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Why do some children have two rows of teeth?
Removal of a baby tooth is painless
We recommend all children should see a dentist
Regular checks help supervise dental development
We get all kinds of questions as you can imagine, but the one we’re about to post here was one of the most unusual.
Here we go: Why do some children have two rows of teeth?
Commonly, the arrival of second teeth occurs at about six years of age, give or take a few months. Except for the wisdom teeth, the last of the secondary teeth come in around 12 years of age.
Tooth eruption can be variable, with girls getting teeth earlier than boys.
Mostly baby teeth get loose and come out because the permanent teeth that usually grow in directly underneath them shrink the root of the baby tooth, thus making the baby tooth “rootless” so that it becomes loose enough to fall out.
But sometimes things go a little awry for kids with permanent teeth growing in but with their first teeth still in place.
A double row of teeth a common occurrence
This occurrence is widespread and it happens if the permanent tooth does not grow in directly underneath the baby tooth. Because the two teeth are not aligned in the socket, the replacement tooth is unable to push out the one that it should be replacing.
It then takes the easier route and grows behind the baby teeth, causing the baby tooth root to take longer to dissolve, and the child is left with two sets of teeth.
Double teeth generally a temporary problem
Most commonly it occurs on the lower front teeth (incisors) between the ages of five and seven, but can also happen with other teeth in the mouth.
For most children, having a second row of teeth will be temporary, as the baby tooth will gradually fall out on their own.
If, however, the baby teeth do not naturally loosen, we would probably recommend extraction so that the permanent tooth can grow into its proper position. Usually, this decision would be made when the permanent incisor is at least halfway erupted, and the baby tooth is not getting looser over time.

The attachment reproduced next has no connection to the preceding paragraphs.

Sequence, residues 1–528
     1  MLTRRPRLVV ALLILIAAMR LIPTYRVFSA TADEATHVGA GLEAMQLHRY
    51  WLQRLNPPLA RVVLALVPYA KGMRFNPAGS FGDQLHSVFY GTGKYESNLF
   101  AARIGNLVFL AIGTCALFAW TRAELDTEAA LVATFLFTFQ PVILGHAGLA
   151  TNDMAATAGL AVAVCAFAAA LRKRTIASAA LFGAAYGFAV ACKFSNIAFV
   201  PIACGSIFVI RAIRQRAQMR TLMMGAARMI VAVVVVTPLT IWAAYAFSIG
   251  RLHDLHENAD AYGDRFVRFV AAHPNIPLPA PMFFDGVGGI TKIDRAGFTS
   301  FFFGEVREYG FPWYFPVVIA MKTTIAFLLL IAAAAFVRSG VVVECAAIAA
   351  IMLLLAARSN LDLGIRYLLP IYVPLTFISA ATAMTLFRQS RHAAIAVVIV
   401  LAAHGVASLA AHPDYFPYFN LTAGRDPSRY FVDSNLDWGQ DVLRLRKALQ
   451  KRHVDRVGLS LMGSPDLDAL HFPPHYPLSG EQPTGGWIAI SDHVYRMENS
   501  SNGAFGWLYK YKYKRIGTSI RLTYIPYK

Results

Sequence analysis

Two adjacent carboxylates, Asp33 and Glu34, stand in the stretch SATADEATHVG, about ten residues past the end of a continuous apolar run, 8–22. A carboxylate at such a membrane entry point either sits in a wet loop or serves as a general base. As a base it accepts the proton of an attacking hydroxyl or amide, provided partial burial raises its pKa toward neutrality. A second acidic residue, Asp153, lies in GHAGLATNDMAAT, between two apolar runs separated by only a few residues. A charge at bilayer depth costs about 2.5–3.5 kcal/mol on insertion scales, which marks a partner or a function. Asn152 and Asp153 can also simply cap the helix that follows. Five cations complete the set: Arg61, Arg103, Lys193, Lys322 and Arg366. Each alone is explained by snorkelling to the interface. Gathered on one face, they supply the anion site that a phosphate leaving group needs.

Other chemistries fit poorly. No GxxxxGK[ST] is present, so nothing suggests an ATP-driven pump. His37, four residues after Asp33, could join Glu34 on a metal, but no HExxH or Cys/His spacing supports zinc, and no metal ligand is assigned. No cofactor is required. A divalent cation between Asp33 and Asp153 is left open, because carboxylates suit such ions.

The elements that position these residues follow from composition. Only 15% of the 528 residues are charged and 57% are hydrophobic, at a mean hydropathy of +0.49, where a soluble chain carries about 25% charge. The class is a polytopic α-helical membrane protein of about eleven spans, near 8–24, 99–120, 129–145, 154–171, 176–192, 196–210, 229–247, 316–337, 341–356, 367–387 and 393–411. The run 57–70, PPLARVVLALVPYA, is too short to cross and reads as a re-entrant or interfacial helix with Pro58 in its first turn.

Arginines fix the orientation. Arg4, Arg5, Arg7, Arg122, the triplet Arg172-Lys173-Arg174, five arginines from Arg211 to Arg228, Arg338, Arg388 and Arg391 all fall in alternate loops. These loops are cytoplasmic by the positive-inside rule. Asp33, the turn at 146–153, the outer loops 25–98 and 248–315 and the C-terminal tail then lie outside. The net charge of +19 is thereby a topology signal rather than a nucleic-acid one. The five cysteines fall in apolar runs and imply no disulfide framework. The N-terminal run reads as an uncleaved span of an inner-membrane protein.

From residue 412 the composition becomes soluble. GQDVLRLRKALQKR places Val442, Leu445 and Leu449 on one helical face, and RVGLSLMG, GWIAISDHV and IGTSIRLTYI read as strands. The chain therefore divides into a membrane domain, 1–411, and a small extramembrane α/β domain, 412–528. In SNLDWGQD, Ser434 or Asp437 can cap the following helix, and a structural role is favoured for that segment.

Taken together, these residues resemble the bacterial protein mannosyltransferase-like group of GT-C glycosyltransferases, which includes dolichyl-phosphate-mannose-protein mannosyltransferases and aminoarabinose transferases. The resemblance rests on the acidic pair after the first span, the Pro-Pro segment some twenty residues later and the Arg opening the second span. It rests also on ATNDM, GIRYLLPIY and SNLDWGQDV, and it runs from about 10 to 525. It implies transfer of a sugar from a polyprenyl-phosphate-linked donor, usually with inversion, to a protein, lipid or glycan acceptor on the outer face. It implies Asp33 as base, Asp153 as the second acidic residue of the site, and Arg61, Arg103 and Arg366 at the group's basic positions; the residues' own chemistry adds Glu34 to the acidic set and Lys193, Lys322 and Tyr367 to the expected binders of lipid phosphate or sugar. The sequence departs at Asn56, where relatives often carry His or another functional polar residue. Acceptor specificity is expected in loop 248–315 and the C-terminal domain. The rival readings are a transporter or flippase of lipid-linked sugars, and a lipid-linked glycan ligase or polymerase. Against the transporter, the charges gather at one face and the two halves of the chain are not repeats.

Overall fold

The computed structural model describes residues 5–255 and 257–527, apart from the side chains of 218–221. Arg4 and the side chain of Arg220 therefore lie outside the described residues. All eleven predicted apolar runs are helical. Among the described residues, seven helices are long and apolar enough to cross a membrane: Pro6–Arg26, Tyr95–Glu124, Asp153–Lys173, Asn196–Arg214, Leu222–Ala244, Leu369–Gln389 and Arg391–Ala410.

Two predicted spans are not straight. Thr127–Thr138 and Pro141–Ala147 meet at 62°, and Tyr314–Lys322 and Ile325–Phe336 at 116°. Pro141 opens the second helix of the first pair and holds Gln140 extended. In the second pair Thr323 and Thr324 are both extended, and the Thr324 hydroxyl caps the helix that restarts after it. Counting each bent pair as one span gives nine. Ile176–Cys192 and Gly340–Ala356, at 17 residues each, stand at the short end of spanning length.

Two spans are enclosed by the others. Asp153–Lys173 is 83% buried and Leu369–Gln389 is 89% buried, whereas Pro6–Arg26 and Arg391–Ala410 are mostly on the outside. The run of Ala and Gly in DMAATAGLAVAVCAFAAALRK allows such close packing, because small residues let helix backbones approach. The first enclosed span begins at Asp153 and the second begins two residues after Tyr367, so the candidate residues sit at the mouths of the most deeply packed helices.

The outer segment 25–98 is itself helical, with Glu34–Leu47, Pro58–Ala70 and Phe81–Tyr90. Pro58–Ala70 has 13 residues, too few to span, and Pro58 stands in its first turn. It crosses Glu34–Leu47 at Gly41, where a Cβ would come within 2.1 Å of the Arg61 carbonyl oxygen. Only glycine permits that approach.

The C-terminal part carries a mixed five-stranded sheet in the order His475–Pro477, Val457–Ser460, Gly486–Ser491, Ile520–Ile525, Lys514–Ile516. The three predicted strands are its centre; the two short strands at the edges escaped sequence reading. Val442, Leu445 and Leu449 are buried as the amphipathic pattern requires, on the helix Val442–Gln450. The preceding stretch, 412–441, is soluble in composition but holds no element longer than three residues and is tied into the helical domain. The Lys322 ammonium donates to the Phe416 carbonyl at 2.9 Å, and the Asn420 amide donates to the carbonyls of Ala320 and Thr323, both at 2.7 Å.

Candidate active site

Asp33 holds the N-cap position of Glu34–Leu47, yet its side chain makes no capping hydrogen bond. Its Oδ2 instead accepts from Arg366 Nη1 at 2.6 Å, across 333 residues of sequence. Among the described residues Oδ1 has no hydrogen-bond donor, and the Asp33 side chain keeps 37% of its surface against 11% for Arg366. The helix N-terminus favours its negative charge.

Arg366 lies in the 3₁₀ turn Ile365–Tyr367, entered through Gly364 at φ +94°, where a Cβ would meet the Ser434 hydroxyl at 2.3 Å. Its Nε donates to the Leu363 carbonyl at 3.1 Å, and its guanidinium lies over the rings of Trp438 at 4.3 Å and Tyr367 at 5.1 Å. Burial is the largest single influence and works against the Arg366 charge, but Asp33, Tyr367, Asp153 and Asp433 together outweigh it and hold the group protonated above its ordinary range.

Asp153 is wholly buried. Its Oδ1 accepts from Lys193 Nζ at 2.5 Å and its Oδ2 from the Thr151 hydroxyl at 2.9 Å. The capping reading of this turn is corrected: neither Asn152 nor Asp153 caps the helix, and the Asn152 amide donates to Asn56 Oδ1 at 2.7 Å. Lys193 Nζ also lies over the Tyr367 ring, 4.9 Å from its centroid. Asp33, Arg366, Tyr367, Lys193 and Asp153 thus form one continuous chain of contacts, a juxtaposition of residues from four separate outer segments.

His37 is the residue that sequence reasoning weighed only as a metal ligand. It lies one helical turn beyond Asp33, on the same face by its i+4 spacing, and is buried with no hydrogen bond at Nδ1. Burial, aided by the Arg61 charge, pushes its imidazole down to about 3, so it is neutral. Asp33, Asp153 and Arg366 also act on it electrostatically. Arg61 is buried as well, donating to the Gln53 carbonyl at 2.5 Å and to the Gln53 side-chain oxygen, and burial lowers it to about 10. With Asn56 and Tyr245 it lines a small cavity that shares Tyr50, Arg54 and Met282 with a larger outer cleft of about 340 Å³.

Tooth Fairy money
If you do have to make that visit to see our dentist, please understand that in these circumstances, removal of a baby tooth is generally a painless and quick procedure that most kids tolerate just fine.
Tooth fairy monies are always a sweetener. See our blog post on the tooth fairy.
We recommend that all children should see their dentist regularly so that oral development can be supervised.
Starting life with 20 teeth
All children are born with 20 teeth known as the child’s baby, or milk, teeth. These teeth usually begin breaking through the gums and exposing when the child is about six-months-old.
They remain in the child’s formative years but begin to fall out as the child develops with the first to arrive being the first to go.
As they start falling out, they are replaced by permanent teeth breaking through the gums. These remain with the child for the rest of their life.
Permanent teeth are more yellow than baby teeth, and they have longer roots. They also feature things called mamelons – these are the bumps on the edge of the permanent teeth which give them a serrated appearance. They are quickly worn away with use.
Imagine being a shark
If humans get double teeth from time to time, spare a thought for the shark. Sharks average 15 rows of teeth in each jaw and in a lifetime will shed thousands of teeth.
Sharks are born with complete sets of teeth and do not suffer from cavities.